It’s a Dog Eat Dog World: Isn’t It?

My last posting—The Deeper Message of Financial Volatiilty—generated responses at The HuffingtonPost.com I also got a call from a TV interviewer, who posed the question:

How can you say competition is increasingly less relevant—it is, after all, a dog eat dog world out there—isn’t it?

This metaphor of cannibalistic canines needs a little deconstructing.

First, I think it’s pretty much only a metaphor. Outside Jack London, I doubt there are too many Donner Pass incidents in the history of dogs.

More seriously, I learned early on that if I rode my bike past a snarling, menacing dog and pedalled like crazy to stay away from it—the dog would chase me.

But—if I actually approached the dog and said, “good boy, come here,” the same dog would wag its tail and befriend me.

In my experience, this pretty much describes people too.

People often live up—or down—to others’ expectations of them. And if we can learn that about ourselves, then we have gained the keys to our freedom. We can see that we own our own oppression; that we empower what we fear. And escape it.

The parallel extends to business. If I expect the worst of my suppliers and customers, then I’ll throw lawyers at them, endlessly calculate their financial value to me, use need-to-know communications, and generally make sure I’m always in control.

At its best, this response gives us dynamics like union vs. management. At its worst, we get endemic inefficiency and cynicism.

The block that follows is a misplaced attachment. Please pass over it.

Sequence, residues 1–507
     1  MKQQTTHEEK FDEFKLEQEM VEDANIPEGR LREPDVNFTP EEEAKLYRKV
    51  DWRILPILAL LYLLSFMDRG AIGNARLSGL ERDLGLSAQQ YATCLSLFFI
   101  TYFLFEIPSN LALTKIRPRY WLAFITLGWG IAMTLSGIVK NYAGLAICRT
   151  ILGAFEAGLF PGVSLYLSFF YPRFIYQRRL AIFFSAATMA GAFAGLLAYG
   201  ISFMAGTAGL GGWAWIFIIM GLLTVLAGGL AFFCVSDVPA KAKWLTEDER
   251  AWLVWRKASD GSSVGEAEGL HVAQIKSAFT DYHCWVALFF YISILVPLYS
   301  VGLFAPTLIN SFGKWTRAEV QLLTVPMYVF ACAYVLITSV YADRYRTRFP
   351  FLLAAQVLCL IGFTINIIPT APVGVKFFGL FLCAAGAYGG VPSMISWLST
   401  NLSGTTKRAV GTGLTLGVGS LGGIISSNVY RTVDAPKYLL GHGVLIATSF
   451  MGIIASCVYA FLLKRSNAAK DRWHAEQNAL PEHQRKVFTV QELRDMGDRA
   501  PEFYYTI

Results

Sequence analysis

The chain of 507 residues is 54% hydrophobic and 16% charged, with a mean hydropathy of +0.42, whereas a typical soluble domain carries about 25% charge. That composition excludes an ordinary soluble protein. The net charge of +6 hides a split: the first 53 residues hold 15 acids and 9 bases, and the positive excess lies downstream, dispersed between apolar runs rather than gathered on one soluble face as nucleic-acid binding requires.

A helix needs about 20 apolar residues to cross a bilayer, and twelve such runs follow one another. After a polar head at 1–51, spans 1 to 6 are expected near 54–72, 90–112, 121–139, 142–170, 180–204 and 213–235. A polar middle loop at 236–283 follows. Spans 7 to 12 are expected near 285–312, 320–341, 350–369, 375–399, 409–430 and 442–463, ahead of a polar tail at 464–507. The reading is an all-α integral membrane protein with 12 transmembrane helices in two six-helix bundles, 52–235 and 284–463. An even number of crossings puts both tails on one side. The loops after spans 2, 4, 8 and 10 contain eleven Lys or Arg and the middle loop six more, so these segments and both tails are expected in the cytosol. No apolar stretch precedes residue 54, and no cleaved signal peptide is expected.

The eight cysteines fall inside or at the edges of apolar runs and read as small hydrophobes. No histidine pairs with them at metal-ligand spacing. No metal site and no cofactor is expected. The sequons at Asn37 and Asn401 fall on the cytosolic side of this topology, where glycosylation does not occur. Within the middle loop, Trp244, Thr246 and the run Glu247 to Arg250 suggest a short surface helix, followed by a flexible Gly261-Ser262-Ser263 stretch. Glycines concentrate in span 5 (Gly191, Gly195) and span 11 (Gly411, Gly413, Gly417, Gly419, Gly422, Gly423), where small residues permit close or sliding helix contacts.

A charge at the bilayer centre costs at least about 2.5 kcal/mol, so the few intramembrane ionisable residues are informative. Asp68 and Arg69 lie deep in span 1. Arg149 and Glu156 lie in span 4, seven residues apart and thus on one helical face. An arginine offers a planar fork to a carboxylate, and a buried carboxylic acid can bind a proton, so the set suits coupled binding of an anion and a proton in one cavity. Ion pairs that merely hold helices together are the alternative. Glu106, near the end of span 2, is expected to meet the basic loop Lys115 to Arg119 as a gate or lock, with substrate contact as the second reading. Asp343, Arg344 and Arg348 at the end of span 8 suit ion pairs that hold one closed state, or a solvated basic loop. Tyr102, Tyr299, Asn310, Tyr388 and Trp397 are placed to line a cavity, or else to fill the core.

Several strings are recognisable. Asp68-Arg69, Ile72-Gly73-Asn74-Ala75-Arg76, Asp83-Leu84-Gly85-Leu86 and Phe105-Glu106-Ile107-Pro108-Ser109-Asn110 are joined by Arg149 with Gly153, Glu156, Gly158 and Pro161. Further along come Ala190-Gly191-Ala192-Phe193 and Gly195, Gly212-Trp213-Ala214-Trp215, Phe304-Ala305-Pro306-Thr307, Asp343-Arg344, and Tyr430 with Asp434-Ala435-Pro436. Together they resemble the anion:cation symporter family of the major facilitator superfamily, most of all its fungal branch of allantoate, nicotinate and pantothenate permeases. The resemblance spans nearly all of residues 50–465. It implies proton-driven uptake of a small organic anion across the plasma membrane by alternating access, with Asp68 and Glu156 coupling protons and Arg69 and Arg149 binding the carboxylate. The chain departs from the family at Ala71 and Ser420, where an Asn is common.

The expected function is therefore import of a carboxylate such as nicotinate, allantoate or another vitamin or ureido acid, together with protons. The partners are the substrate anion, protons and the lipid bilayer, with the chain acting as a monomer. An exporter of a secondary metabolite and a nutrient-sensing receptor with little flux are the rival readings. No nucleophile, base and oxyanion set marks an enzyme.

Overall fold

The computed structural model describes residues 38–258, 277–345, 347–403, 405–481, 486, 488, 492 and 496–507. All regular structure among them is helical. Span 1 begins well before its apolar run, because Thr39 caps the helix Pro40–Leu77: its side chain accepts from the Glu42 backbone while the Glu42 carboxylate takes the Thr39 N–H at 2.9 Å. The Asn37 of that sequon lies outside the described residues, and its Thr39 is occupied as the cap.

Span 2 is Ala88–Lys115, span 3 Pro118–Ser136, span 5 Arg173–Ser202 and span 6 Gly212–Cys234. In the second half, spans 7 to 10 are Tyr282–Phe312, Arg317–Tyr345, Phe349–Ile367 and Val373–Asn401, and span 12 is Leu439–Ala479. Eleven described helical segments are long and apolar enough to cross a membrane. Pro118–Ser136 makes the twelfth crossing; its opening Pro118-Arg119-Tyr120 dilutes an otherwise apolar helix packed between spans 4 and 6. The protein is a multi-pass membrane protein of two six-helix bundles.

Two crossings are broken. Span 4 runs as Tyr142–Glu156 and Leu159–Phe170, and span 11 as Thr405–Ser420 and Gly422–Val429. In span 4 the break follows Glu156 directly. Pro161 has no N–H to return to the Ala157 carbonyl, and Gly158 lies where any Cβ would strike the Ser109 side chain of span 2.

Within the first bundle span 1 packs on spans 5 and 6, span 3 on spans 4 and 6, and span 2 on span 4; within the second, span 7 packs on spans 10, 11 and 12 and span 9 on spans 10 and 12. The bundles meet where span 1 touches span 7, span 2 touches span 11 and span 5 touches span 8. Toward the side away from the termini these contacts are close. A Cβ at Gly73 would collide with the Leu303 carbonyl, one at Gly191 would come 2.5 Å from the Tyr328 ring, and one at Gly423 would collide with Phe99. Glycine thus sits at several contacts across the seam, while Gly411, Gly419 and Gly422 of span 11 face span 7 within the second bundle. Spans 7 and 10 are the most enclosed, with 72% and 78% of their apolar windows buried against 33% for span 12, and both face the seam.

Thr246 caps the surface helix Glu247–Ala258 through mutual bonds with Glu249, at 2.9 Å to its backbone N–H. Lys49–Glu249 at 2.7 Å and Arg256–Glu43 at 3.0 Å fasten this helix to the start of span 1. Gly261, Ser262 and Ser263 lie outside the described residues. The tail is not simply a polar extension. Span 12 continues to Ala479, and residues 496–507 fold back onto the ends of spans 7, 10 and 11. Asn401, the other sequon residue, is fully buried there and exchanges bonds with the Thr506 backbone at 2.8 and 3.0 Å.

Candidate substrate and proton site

Now add change to the equation. Decades ago, we had monolithic corporations with fixed boundaries, competing against each other. Now, as BusinessWeek describes in its August 20 & 27 cover story The Future of Work , we have something quite different:

The very idea of a company is shifting away from a single outfit with full-time employees and a recognizable hierarchy. It is something much more fluid, with a classic corporation at the center of an ever-shifting network of suppliers and outsourcers, some of whom only join the team for the duration of a single project…

The hard part for multionatinals is getting people to work well together…such pressures put a premium on recruiting staff who are globally minded from the outset…Nokia is careful to select people who have a “collaborative mindset…”

Exactly.

The playbook that business schools still teach from is the one labeled Big Monolithic Corporation—and the chapter heads are all about Competition.

The playbook that hasn’t been written yet is about the Fluid, Shifting, Morphing Entity that BusinessWeek describes—and the chapters are not about Competition, but about Collaboration—with customers, with employees, with partners.

Dog eat dog? Why? When dogs eat dog food instead of each other, and figure out how to work together, life gets better.

And in an emerging business world that throws everyone together in constantly permutating ways, that old competitive nature we prized decades ago is becoming a bit of a millstone.

Business doesn’t need, or want, competitors and competitive talents as much as it used to. The emphasis will shift from competition to customers. Business needs more collaborators. Not in order to become more “competitive” or to “win”—but to become more successful.